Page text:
But if [Moldova’s] Mr Dodon and [Bulgaria’s] Mr Radev both win Sunday’s run-off ballots, their presidencies could still set off alarm bells in Brussels amid a growing revolt against EU values in eastern Europe. That includes Viktor Orban, Hungary’s prime minister, and Milos Zeman, the Czech president, who have called for warmer relations with Moscow.

    Eastern Europe and Trump are likely to upturn the neocons’ Cold War against Russia, and I think that this is something we should be thankful for. Aside from FT’s screeching about “EU values,” Eastern Europeans are far more concerned about the economic hits that they have taken due to the West’s anti-Russian sanctions, and the migrant crisis that they received in return for their support of the West’s policies. The latter is not the issue in Moldova’s election, but it looms very large in Bulgaria, where Germany’s about-face on its open welcome of migrants, and recent EU funds influx to build migrant camps and schools, has led to well-founded fears that Bulgaria has been slated to become Europe’s ‘Sacrifice Zone’ (to borrow a term from Chris Hedges), as many of those migrants entered the EU through Bulgaria and would thus be returned to Bulgaria from Germany and the rest of Northern Europe. This accounts for the candidate of the combined patriotic parties and organisations (who won 15% of the vote in the first round of the election) endorsement of General Radev for the run-off this coming Sunday, over the candidate of his ruling coalition partner. The government has had a series of foreign policy debacles in the past couple of months (such as the embarrassing debacle at the UN GenSec election), where it was rightly seen as having sold sovereignty for a pat on the back and a kick in the rear, so Radev’s pledge to stand up for the national sovereignty and dignity as partner rather than a puppet within NATO and EU is playing very well with a population that is beaten down and very scared.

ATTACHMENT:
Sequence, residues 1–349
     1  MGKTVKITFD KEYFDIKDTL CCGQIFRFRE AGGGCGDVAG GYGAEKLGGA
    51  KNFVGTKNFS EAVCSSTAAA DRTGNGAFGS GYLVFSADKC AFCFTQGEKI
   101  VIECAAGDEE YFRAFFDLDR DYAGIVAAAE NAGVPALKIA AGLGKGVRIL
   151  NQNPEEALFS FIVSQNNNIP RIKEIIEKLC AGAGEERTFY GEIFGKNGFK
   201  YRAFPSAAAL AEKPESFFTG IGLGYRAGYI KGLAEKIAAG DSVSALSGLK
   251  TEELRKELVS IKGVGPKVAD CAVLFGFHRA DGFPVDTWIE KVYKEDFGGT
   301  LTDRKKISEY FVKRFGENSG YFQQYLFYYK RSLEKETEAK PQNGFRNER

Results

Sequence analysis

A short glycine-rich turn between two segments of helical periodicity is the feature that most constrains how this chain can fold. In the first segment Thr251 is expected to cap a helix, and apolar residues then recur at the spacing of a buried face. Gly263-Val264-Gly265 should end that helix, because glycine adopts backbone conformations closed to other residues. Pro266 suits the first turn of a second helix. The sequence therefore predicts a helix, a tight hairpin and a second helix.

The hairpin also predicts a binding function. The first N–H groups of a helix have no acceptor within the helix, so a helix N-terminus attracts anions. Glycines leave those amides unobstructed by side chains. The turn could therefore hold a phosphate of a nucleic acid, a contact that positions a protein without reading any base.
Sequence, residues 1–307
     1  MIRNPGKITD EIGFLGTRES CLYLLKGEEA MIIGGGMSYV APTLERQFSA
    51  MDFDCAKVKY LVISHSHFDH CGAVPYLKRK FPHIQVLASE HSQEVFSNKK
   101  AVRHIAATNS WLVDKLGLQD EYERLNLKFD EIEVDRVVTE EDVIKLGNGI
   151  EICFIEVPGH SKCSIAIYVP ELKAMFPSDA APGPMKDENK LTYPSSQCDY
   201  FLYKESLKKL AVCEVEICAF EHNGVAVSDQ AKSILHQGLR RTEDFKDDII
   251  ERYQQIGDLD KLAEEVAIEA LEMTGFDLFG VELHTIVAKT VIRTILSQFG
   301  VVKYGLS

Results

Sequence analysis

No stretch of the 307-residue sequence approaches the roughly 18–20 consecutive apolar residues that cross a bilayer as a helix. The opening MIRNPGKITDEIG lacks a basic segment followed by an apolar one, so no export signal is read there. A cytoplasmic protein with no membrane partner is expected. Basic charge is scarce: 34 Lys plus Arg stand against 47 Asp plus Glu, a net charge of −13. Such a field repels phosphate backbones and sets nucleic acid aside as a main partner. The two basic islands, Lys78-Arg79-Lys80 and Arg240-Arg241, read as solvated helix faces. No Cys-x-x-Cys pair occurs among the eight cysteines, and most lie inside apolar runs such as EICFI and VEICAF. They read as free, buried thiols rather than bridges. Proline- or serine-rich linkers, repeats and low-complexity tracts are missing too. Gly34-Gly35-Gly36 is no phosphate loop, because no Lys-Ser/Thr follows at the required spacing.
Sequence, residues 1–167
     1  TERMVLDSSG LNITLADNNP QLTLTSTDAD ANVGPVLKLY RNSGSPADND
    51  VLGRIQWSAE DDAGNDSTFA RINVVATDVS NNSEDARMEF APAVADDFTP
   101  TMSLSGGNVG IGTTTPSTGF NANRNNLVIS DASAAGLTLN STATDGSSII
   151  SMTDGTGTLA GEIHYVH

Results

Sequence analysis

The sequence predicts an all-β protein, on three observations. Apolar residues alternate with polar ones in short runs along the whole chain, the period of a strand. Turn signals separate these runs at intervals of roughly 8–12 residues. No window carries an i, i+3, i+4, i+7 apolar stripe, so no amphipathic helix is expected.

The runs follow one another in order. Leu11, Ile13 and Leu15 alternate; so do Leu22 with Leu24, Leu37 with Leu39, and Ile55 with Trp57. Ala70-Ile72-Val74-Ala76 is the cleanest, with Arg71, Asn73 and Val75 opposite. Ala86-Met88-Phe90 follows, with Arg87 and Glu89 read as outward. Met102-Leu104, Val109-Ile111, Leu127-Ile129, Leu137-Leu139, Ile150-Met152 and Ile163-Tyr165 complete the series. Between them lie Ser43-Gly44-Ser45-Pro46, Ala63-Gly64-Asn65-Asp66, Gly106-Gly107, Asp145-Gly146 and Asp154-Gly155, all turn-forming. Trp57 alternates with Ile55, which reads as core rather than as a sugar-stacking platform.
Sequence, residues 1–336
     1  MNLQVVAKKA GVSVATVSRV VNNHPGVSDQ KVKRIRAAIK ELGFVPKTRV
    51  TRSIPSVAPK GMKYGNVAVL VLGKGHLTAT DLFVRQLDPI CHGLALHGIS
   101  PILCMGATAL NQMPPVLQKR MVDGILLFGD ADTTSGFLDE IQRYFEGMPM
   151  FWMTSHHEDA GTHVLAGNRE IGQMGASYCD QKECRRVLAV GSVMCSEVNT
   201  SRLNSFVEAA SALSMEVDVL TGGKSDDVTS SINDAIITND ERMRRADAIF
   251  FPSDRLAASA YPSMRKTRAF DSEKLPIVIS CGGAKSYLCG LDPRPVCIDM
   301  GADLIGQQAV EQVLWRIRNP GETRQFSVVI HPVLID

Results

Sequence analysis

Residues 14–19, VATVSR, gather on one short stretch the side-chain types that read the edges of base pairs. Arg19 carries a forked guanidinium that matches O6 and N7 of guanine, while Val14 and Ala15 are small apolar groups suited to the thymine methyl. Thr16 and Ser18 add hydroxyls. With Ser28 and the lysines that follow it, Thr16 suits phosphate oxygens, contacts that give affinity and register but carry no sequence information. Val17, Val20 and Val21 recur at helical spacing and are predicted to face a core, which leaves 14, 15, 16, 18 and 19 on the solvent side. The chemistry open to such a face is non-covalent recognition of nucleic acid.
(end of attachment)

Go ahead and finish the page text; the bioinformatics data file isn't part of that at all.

If Trump truly wants to change the US foreign policy course, he would do well to reach out to Eastern Europe as soon as possible, and engage them as partners rather than as puppets. Those times are coming to an end, whether the proponents of Empire like it or not.

    1. Andrew Watts

      The New Democrats probably think they can co-opt the Berniecrats. We’ll see about that. I, for one, want to purge the Democratic Party of the neoliberals. The bleeding will continue until people like Warren are the party’s sane right-wing, Bernie and his fellow social democrats are the moderate center, and ideological (secular/religious) socialists are the party’s left wing.

      Always kick a person while they’re down. They might get up.

    1. Waldenpond

      Well lookie there. Clintonism isn’t dead after all. Nice little shiny lesser-evil object Chelsea makes.

    2. Quentin